Q&A on National Research Agenda

Posted: Mar. 25, 2009

Getting to a Cure

Why do we need a National Strategy?


  • The cost of care for Alzheimer’s patients will overwhelm Medicare and Medicaid if not checked within the next few years.
  • With funding from private and public sources heavily constrained, it is essential to make each research dollar count. There is enough consensus in the AD research community now to posit a direction for further research that will maximize resources and minimize the time to a cure.

    How far are we currently from a cure and how does this strategy accelerate progress?


  • Drugs currently in trials are mostly based on knowledge from the four known genes contributing to risk for AD. Three of these genes relate mostly to early onset AD, which accounts for less than 5% of total AD cases. Therefore, most drug development is based on only a small number of genes and the metabolic pathways they affect. Each newly identified gene has the potential to lead to new and productive therapies. While researchers may “get lucky” and hit upon an effective therapy with this limited and imperfect information, it is more likely that a more profound therapeutical approach can be found with more and better information about the basic mechanisms of action of the disease which can be found through intensifying studies of the known AD genes and identifying all of the remaining genes. Every new AD gene identified increases our understanding of AD pathology and provides new clues for working toward a cure.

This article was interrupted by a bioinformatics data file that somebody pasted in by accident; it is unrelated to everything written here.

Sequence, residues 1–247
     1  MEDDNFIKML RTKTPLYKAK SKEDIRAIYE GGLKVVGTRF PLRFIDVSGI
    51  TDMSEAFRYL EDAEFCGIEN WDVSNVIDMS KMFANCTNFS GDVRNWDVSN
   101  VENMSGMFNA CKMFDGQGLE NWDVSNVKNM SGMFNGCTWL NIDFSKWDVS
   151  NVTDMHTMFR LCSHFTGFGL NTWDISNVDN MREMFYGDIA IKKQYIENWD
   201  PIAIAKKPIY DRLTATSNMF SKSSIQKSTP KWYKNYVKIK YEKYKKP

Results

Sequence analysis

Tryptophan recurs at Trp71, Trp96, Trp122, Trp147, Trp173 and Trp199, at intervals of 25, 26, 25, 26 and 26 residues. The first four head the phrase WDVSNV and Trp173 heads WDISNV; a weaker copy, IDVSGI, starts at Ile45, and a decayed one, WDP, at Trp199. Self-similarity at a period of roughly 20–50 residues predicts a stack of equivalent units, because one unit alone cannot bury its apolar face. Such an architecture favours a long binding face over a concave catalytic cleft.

• Over the past two decades, the modern era of AD research has been made possible by the discovery of AD genes. Studies of the four known AD genes have driven drug discovery and development. Up until the summer of 2008, the field was aware of only four AD genes, which account for approximately 30% of the genetic effects on the disease. With the identification of the additional Alzheimer’s genes, researchers will be able to understand the other 70% of the genetic effects and how they lead to AD pathology. This critical information can then be used to guide the discovery and development of novel and effective therapies for treating and preventing AD.

How much work has already been completed on this strategy?


  • Researchers supported by Cure Alzheimer’s Fund have identified 70 new genes that affect risk for regular or “late onset” AD as of the summer of 2008. The four top genes among the 70 were published in the Fall, 2008 and this study was named one of the “Top Ten Medical Breakthroughs of 2008” worldwide by Time Magazine. Several more genes have been identified that affect risk for early onset. Therefore, there is great and recent progress at the base of the Roadmap pyramid, giving rise to the need for rapid follow up on those discoveries.
  • Several promising drugs based on knowledge gained from the first four genes are in trials for human use, but early indications are that none of these by themselves or in combination will be able to slow, stop or reverse the disease in any significant part of the AD population.